beauty

If you were a teen in the 2000s, you definitely tried to pull off these 10 hair trends.

Ahhh, the noughties. What a time for our hair. It was BUSY. 

In between discovering the absolute joy that was Diva and Supre, and trying to figure out why a tube top x knee-length denim skirt just looked SO GOOD together, we somehow found the time to try every. single. hair trend.

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Even just *thinking* about tendrils, bandanas and quiffs is enough to throw you way back into the days of MySpace, heavy eyeliner and Von Dutch trucker hats. And I suspect some of you may be feeling a little nostalgic since you're also here reminiscing with us.

REMEMBER WHEN HEADBANDS WERE COOL.

So, on that note, let's take a look at all the hair trends we tried to pull off in the 2000s.

The quiff.

C'mon on, EVERYONE is familiar with this style - and you'd totally be lying if you said you didn't try this at least once.

While this style *screams* rockabilly vibes, for a reason unbeknownst to us, it was SUCH a huge trend during the late noughties.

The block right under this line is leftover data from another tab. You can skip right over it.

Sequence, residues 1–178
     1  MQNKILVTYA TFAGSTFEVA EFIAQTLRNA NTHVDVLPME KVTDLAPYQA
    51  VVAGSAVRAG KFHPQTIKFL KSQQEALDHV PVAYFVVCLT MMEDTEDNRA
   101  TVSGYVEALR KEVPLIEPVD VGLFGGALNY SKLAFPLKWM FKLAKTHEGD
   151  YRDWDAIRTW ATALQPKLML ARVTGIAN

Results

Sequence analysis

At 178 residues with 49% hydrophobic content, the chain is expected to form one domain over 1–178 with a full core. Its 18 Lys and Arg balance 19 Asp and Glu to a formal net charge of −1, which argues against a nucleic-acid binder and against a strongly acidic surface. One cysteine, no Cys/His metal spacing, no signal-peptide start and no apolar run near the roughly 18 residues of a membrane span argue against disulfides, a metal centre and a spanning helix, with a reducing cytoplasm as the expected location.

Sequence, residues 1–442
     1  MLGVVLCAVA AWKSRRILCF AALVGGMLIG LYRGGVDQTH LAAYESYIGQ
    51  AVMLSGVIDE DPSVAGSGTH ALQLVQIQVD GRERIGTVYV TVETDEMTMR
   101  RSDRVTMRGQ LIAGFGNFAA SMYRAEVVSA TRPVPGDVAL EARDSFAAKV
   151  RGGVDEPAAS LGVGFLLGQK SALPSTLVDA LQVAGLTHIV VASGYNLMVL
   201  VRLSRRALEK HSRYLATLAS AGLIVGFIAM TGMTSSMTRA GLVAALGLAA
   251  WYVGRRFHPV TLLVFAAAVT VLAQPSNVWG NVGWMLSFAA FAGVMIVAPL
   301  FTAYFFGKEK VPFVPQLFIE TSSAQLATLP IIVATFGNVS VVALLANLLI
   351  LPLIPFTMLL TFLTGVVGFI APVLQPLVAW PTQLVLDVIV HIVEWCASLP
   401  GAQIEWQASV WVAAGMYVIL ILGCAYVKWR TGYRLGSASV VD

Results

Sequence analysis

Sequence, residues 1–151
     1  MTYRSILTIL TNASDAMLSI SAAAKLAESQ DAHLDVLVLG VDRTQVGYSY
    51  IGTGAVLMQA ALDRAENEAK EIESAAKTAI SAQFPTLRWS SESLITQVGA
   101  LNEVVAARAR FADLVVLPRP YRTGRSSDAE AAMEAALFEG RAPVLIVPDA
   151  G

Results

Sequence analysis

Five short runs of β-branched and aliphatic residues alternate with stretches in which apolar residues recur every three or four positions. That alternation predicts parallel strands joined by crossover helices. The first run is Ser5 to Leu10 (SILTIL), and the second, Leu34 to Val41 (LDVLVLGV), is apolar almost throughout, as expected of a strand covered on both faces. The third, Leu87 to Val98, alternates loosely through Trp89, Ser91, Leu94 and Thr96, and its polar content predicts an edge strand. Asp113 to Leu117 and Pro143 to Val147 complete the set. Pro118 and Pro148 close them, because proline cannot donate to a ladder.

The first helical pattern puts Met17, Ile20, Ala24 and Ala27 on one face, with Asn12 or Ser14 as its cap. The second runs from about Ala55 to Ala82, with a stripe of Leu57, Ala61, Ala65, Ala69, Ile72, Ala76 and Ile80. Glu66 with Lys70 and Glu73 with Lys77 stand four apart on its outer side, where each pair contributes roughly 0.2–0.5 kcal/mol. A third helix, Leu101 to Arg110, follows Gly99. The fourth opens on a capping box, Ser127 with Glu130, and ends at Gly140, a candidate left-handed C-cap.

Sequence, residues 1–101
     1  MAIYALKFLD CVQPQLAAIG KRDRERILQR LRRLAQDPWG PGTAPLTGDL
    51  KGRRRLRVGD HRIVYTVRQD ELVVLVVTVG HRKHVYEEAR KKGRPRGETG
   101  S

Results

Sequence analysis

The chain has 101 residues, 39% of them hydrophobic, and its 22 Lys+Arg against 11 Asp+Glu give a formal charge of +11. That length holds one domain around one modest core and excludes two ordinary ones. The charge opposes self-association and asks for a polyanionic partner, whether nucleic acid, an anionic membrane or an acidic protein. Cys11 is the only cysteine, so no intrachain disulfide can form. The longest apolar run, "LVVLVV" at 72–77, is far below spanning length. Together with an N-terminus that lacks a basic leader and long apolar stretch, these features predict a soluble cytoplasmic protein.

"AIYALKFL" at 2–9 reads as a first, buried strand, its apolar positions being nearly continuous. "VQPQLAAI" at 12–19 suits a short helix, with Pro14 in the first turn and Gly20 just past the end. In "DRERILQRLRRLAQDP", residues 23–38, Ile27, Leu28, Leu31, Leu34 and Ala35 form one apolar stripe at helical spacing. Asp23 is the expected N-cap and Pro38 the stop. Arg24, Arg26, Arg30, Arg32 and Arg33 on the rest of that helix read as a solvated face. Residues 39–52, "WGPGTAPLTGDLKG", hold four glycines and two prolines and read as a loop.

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Found at every high school, shopping centre and netball court, the quiff was such a freakin' ~lewk~.

Characterised by burnt-straight hair, the beloved quiff was teased up high and pinned to the top of your dome with approximately 789 bobby pins. Sometimes you could even do the ponytail x quiff combo because VERSATILE.

Image: Getty 

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Bandanas.

One time, Jennifer Lopez wore a bandana to the MTV Awards... so we all wore a bandana, too. 

While we didn't have J.Lo's diamond-encrusted version, we did have our Canteen charity bandanas - and OF COURSE we pulled it off, silly question.

Bandanas were all the rage back in the 2000s because not only did they keep your hair out of your face, but they also made you feel like a downright bad a$$. Which you absolutely weren't - but, y'know.

Image: Getty 

Side strands.